A few weeks ago, I was lucky enough to be around while one of my best friends gave birth to a baby boy. It was an amazing experience. As a result, unfortunately, I had to spend a lot of time at SF General. This involved walking around a puddle of blood in the entryway while a security guard yelled “Watch your step! Blood here!” I also saw a man smoke a cigarette while dancing with his pants around his ankles (it turns out this is very difficult to do. He fell down).
But of all the things I saw there, the most depressing was without a doubt the soon-to-be-new mothers who were at General because it’s one of the only hospitals in the area to take prisoners who are about to give birth.
The State of California stationed police officers outside these women’s doors, and the crying that came from these women at night was enough to make me crumple in a ball and … You know what? I can’t even begin to describe the hopelessness I heard in there. These women were about to give birth to a baby and then be separated from it, quite possibly forever. It would be impossible to say what that sounds like, except that I could see it still affect nurses who told us they’d worked there 25 years.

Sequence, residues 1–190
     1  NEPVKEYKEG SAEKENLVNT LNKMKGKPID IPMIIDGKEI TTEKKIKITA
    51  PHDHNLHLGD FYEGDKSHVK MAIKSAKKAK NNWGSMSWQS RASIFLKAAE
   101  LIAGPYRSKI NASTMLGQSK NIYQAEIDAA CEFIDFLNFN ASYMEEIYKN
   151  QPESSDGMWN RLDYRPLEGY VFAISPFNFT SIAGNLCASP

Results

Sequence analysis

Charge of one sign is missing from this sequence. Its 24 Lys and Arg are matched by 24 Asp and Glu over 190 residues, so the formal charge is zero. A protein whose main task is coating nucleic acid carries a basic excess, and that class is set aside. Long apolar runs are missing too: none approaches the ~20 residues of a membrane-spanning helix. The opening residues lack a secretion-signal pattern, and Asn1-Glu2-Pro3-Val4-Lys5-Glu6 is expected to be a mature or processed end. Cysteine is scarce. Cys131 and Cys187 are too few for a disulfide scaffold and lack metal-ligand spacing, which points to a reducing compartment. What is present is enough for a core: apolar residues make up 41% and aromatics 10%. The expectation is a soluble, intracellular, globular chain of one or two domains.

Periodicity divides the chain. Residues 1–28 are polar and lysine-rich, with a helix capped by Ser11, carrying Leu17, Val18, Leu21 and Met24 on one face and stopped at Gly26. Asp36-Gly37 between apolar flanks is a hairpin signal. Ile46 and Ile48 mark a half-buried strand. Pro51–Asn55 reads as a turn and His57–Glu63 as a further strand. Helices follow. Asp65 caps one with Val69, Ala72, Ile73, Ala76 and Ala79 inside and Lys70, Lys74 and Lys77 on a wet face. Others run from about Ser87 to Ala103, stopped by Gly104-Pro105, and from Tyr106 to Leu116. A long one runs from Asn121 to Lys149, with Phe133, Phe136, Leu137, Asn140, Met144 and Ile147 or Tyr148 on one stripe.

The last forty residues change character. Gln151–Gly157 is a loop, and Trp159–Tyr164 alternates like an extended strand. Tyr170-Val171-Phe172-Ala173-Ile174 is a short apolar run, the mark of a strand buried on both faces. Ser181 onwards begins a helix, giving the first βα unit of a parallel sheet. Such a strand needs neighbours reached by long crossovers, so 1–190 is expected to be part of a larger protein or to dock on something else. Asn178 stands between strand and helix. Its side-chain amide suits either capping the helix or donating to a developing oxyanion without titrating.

I tried to put it aside for awhile and let it go. But then, today, I came across Aunt Mary’s Storybook Project, a program that helps women in prison read to their children on audiotape while they are serving their time in prison. From their website: “With the help of a trained volunteer, the mom picks a book that is age appropriate for each or her children. She is then given an opportunity to audiotape a personal message as well as the reading of the books for her children. The books and tapes are then sent to the children by the volunteer on behalf of the mother. Many mothers end with a message of love and thanks to the caregiver.”